On the morning of June 22, Karl Verboten tried to log into the Instagram account for Klub Verboten, his London kink space and fortnightly party, but was met with the message: "We suspended your account … Your account is not visible to people on Instagram right now, and you cannot use it.”
Klub Verboten, founded in 2016, has a team of 70 freelancers and 50 safety staff, and has developed into a “community for modern human interaction,” with more than 70,000 followers on Instagram. The platform has been an integral part of Klub Verboten’s success, says Verboten.
“It allowed many people to discover themselves and stream into a space where they can find a community and like-minded people,” says Verboten. “That direct contact was really important. Sexuality is within all of us, embedded, and as such we want to reach actual human beings. It really made an impact for the better.” The team was careful not to post nudity, which isn’t allowed on Instagram. “We only post mugshots, people only fully clothed in the event space,” Verboten says. “There’s nothing sexual about it, they could be attending any rave in this day and age.”
But in a flash, Klub Verboten’s presence and digital community was wiped from the platform last Thursday. “We didn’t get any warning, any message whatsoever,” says Verboten. “Our account was just gone from one second to another.”
Verboten’s is just one of at least 45 sexuality-related accounts removed from Instagram in recent weeks. The platform has suspended users posting sex-related content, according to sex workers, activists, fetish parties, and sex-positive community members who spoke to WIRED.
“It feels like a real attack on your identity, who you are, and what you believe in, especially when it’s revolving around sex education, safe spaces, or being a sex worker,” Reed Amber, a sex educator, sex worker activist, and host of the “F**ks Given” ComeCurious podcast, says. “A lot of people think losing an Instagram account is nothing, but it isn’t. It is the equivalent of being fired from your job. It is your time, energy, and source of income, and everything you have worked toward.”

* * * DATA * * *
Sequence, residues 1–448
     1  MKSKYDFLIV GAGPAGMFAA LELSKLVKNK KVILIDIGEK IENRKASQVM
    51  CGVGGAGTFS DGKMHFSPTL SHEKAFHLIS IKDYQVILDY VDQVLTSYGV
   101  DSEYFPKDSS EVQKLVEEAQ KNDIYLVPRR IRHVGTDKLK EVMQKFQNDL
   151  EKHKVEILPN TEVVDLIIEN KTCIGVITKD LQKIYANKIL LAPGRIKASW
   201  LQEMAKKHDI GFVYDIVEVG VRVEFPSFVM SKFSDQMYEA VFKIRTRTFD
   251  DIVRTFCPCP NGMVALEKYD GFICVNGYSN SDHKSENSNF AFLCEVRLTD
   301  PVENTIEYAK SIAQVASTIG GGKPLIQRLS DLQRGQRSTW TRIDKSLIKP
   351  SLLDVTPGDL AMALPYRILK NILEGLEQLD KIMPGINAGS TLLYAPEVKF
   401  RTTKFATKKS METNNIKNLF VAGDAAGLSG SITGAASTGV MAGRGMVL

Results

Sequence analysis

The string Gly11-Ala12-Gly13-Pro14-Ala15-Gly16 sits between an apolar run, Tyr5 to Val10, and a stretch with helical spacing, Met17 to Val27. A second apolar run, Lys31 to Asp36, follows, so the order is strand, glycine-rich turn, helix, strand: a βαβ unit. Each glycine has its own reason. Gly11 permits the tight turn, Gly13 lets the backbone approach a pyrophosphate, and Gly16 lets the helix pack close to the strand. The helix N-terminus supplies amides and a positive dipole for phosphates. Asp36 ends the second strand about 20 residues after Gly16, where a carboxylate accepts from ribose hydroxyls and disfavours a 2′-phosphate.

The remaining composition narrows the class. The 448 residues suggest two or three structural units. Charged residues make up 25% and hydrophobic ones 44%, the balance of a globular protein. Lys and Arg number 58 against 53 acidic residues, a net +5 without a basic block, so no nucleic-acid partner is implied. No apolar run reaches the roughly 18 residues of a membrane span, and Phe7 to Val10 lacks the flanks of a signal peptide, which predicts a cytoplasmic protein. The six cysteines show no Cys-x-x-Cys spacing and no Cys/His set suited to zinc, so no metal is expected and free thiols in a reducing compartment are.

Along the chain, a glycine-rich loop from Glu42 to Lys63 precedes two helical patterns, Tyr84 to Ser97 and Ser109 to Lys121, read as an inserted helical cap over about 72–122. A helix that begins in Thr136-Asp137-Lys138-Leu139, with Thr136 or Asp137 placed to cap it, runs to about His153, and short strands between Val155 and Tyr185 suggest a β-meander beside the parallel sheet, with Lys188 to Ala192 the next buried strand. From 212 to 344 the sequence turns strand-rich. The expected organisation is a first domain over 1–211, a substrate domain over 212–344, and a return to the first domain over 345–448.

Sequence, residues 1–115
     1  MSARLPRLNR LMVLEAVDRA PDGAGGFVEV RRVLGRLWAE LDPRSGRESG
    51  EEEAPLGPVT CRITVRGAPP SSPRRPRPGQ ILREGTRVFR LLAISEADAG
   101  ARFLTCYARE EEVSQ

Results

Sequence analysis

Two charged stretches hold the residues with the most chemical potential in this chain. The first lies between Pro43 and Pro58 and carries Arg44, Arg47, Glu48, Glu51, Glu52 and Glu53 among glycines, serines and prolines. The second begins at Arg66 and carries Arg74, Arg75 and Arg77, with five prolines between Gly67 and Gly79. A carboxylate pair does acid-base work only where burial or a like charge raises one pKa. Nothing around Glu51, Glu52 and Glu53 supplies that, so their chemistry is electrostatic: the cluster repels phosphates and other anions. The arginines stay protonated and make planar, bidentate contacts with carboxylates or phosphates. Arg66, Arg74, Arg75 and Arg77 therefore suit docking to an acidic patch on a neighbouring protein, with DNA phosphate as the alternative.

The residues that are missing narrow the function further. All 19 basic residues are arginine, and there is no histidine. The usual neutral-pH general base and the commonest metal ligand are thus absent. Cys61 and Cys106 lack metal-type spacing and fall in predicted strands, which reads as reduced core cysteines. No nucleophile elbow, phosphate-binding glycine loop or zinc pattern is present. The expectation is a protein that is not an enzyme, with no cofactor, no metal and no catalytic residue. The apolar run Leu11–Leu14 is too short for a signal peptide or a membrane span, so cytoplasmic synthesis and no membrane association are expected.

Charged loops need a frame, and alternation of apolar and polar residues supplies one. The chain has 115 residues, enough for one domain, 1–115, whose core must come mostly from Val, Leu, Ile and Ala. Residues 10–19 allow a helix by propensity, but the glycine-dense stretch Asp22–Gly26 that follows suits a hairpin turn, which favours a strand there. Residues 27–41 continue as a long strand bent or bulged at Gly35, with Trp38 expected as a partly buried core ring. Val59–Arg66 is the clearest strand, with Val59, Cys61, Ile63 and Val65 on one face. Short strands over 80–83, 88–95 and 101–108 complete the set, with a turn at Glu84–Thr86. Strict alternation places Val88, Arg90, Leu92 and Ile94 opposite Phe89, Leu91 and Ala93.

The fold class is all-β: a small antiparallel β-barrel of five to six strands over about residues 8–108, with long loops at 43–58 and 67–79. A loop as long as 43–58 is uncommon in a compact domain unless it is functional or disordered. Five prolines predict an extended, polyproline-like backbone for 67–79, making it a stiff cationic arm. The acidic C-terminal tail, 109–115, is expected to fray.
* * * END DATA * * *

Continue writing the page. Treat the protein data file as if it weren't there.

Mitch Henderson, a Meta spokesperson said: “We understand our platforms play an important role in helping people express themselves and connect with communities. While we allow sex positive content and discussion, we have rules in place around nudity and sexual solicitation to ensure content is appropriate for everyone, particularly young people. A number of the accounts brought to our attention were removed in error and have been reinstated.”
Sex education enterprises and cultural initiatives, some of which had tens of thousands of followers, have also been caught in the crosshairs, including the UK Fetish Archives at London’s Bishopsgate Institute. Other casualties include @thepconversation, a sex education outlet by porn director Erika Lust; Gashtrays, a sex-positive pottery account; and Slut Social, a sex-positive event page and meme account. Even @not.a.statistic.19, an account posting news stories and articles about the sex industry, has been temporarily restricted twice since June 13, its founder told WIRED.
“If you are a sex-positive content creator, it’s not a good time to be on Meta or platforms,” says Carolina Are, an innovation fellow researching social media censorship at the Centre for Digital Citizens at Northumbria University and a pole dance instructor. She has compiled a list of sex-positive accounts that have been removed and shared it with Meta in the hope they reinstate users. Over a dozen of the Instagram accounts—including Klub Verboten; MakeLoveNotPorn, a sex platform; and @samtalkssex, an educational account—were reinstated after WIRED contacted Meta.
This is just the latest of myriad occasions seeing sex workers, adult content creators, and sex-related accounts being pushed away by social platforms. Members of the sex industry are often at heightened risk of on-the-ground subjugation, discrimination, and violent attacks, and so turn to digital outlets. But they are also under threat there, with their livelihoods on the line. Platforms that previously championed adult material have shunned it over the years, including fansite OnlyFans, which momentarily banned explicit content in 2021 before backtracking. Meta also apologized to pole dancers in 2019 for shadowbanning their accounts. It has also regularly shut down sex workers’ accounts and penalized sex-related content on Instagram.
But Meta is not transparent about the trigger for the latest round of Instagram removals, says Are. Several suspended sex-positive users, including Verboten, told WIRED they weren’t given a full explanation for their suspension and didn’t hear from Meta after appealing bans.